At the end of the last Ice Age (the Wisconsonian Ice Age), a branch of the Cordilleran ice sheet moved out of Canada into the Idaho panhandle region. There it formed a 2,000 feet (610 m)-high ice dam that blocked the mouth of the Clark Fork River, creating glacial Lake Missoula, which impounded greater than 2000 cubic kilometers (500 cubic miles) of water. The lake extended up the valleys eastward for over 200 miles (322 km). The periodic rupturing of the ice dam resulted in the Missoula Floods – cataclysmic floods that swept across Idaho and Eastern Washington, and then down the Columbia River Gorge approximately 40 times during a 2,000 year period. The flood front swept in a wave across Idaho and Washington at speeds approaching 100 kilometers per hour (65 miles per hour), and Glacial Lake Missoula drained in periods as short as 2 days.
The Columbia River channel downstream was blocked by the Okanogan lobe of the Cordilleran, impounding water in Glacial Lake Columbia. As a result the floods could not continue down the Columbia River, being forced instead to flood over the highlands of Eastern Washington, vastly transforming the landscape by forming the Grand Coulee, Moses Coulee, the Channeled Scablands, Dry Falls, Palouse Falls and many similar features. The cumulative effect of the floods was to excavate 210 cubic kilometres (50 cu mi) of loess, sediment and basalt from the channeled scablands of eastern Washington and to transport it downstream. Over a period of 2,000 to 2,500 years, the repition of ice dam failure and flood was repeated 40-60 times, leaving a lasting mark on the landscape.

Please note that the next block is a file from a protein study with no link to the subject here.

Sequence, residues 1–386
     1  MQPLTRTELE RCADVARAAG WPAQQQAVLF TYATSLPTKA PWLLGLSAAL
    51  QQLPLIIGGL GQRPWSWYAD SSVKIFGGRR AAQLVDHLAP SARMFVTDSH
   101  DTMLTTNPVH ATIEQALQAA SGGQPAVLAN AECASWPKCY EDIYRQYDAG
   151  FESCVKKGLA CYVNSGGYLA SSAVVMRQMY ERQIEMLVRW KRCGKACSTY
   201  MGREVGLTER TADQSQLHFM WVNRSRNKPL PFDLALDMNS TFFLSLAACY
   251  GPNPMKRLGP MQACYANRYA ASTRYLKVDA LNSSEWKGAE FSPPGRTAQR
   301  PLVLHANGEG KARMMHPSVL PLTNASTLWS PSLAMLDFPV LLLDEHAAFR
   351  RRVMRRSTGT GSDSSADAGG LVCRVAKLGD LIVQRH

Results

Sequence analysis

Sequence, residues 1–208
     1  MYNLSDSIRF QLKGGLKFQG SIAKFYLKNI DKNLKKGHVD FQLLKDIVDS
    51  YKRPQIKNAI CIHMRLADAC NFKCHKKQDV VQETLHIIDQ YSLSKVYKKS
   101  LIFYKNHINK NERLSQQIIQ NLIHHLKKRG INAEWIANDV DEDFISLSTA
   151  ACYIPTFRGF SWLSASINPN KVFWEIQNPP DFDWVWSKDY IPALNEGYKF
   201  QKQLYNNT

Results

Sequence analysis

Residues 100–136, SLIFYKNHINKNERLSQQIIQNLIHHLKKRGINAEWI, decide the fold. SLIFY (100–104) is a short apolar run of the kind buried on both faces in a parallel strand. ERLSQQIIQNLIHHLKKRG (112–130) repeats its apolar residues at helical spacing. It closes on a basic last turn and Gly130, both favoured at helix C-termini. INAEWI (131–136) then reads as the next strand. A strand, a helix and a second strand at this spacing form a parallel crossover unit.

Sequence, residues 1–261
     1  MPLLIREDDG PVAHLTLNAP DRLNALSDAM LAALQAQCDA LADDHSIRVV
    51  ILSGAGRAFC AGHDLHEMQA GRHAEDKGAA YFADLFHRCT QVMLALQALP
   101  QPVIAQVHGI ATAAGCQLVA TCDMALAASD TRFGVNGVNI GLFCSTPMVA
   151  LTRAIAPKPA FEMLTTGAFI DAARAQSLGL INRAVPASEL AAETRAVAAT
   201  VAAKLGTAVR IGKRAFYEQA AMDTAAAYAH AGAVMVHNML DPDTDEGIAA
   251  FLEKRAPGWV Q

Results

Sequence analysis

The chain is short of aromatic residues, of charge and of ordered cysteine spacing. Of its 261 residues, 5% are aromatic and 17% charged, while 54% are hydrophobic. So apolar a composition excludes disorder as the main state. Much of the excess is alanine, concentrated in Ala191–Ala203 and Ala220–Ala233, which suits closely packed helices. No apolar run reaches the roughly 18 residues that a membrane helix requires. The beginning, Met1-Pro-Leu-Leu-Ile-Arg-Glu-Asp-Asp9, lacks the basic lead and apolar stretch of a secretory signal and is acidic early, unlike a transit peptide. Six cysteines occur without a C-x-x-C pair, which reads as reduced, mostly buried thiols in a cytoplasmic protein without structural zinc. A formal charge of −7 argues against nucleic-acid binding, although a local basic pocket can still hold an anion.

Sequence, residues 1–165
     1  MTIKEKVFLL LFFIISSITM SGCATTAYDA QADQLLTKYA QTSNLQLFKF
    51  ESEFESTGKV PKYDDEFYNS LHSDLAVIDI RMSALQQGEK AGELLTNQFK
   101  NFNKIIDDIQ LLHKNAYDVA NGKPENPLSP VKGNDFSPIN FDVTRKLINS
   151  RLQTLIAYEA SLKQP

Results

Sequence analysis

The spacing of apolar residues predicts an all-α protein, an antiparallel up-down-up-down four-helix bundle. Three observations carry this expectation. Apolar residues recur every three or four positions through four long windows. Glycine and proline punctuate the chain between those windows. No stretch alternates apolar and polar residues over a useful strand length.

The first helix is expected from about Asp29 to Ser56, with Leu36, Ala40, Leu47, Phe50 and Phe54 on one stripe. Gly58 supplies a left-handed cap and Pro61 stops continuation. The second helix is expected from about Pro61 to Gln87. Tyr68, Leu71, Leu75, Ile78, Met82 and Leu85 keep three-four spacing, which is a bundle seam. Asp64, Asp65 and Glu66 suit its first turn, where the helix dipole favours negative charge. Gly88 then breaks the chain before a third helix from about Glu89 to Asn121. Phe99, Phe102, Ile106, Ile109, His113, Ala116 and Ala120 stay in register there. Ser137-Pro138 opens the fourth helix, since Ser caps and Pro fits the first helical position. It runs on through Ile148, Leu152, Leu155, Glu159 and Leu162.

There are a number of characteristic features that illustrate the effect of these ice dams and power of the resulting floods: